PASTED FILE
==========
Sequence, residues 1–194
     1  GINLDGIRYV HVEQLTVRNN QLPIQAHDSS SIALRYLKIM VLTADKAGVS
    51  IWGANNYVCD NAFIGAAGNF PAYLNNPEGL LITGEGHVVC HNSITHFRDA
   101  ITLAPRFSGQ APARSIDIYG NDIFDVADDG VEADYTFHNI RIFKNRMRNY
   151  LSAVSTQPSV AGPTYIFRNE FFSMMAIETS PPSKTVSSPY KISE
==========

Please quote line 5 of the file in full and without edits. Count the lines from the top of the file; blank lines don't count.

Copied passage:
   151  LSAVSTQPSV AGPTYIFRNE FFSMMAIETS PPSKTVSSPY KISE